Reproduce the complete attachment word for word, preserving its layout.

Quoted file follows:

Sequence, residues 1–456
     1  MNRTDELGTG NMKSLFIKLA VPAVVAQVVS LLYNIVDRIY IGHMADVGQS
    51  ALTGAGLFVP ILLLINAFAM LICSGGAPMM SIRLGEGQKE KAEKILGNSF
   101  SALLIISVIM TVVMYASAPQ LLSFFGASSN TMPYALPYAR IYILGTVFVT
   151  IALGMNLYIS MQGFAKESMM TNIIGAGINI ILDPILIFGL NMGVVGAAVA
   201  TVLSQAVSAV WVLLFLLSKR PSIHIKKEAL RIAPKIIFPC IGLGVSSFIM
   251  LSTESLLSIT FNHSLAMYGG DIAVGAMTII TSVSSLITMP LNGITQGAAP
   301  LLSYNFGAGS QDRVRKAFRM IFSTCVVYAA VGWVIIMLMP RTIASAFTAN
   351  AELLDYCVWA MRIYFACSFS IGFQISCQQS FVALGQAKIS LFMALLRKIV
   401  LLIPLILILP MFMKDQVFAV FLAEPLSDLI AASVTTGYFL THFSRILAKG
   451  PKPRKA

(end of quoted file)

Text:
Sequence, residues 1–456
     1  MNRTDELGTG NMKSLFIKLA VPAVVAQVVS LLYNIVDRIY IGHMADVGQS
    51  ALTGAGLFVP ILLLINAFAM LICSGGAPMM SIRLGEGQKE KAEKILGNSF
   101  SALLIISVIM TVVMYASAPQ LLSFFGASSN TMPYALPYAR IYILGTVFVT
   151  IALGMNLYIS MQGFAKESMM TNIIGAGINI ILDPILIFGL NMGVVGAAVA
   201  TVLSQAVSAV WVLLFLLSKR PSIHIKKEAL RIAPKIIFPC IGLGVSSFIM
   251  LSTESLLSIT FNHSLAMYGG DIAVGAMTII TSVSSLITMP LNGITQGAAP
   301  LLSYNFGAGS QDRVRKAFRM IFSTCVVYAA VGWVIIMLMP RTIASAFTAN
   351  AELLDYCVWA MRIYFACSFS IGFQISCQQS FVALGQAKIS LFMALLRKIV
   401  LLIPLILILP MFMKDQVFAV FLAEPLSDLI AASVTTGYFL THFSRILAKG
   451  PKPRKA